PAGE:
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Shield bill is a threat to free speech

In an op-ed in today's New York Times, University of Chicago law professor Geoffrey Stone sounds a warning over the threat to free speech posed by the so-called Shield bill. The bill has been introduced in response to the Wikileaks disclosures, and would amend to Espionage Act of 1917 to make it a crime for any person to disseminate "in any manner prejudicial to the safety or interest of the United States," any classified information "concerning the human intelligence activities of the United States."

I have little time for Julian Assange and Wikileaks. My main problem is with his over-blown claims that his group's disclosures provide a form of political opposition to the US and other Western nations. As I (and others) have pointed out before, the revelations are mostly mundane, there is no inherent virtue in transparency for its own sake, and conspiracy theories (which Wikileaks encourages) are backward. Rather than challenging the US government, the disclosures show the diplomats as coming across more favorably than not.

But I'm against any attempt to silence Wikileaks with the law, as the Shield bill does. Wikileaks is not a proper journalistic enterprise, but it should be afforded the same rights as traditional media, because it obtains the materials second-hand.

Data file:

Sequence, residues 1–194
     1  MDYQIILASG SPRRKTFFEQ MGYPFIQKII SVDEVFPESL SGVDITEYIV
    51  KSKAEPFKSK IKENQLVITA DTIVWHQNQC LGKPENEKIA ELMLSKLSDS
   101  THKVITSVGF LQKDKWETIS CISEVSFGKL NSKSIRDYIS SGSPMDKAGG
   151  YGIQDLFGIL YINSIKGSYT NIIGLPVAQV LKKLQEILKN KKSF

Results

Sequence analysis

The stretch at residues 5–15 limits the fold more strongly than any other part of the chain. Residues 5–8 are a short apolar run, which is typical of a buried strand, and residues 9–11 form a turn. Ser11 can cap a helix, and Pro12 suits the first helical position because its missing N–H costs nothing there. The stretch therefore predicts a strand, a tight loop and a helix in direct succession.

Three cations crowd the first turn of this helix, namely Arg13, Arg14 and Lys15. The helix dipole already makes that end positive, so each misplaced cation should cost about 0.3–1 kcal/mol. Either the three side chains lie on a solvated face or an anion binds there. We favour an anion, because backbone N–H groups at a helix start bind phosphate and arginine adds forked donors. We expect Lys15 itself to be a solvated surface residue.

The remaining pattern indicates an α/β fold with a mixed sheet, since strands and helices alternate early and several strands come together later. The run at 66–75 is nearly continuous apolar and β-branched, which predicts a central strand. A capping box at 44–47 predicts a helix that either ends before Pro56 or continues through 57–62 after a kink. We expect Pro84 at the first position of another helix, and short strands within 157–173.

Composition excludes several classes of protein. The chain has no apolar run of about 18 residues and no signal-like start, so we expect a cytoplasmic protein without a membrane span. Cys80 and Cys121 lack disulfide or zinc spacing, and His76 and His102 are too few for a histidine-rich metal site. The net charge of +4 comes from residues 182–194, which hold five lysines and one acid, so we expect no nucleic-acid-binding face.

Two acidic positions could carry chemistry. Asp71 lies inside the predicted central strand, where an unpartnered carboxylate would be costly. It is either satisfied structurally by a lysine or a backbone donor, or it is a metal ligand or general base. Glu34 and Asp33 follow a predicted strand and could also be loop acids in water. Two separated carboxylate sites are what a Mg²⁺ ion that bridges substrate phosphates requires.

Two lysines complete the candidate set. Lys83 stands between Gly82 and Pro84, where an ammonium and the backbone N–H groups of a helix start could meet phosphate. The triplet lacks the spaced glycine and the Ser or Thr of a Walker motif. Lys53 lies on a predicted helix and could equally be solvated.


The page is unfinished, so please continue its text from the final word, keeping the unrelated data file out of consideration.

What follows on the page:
The case is different for the government employees who pledge to keep secrets. They are the leakers, not Wikileaks. As Stone notes:

The First Amendment does not compel the government transparency. It leaves the government extraordinary autonomy to protect its own secrets. It does not accord anyone the right to have the government disclose information about its actions or policies, and it cedes to the government considerable authority to restrict the speech of its employees. What it does not do, however, is allow the government to suppress the free speech of others when it has failed to keep its own secrets.

First lawmakers urged the government to prosecute Wikileaks under the 1917 Espionage Act. After finally conceding that Wikileaks is not guilty under that Act, they are now trying to get around that law. Whatever you think of Wikileaks, if you support free speech, you must oppose this bill.

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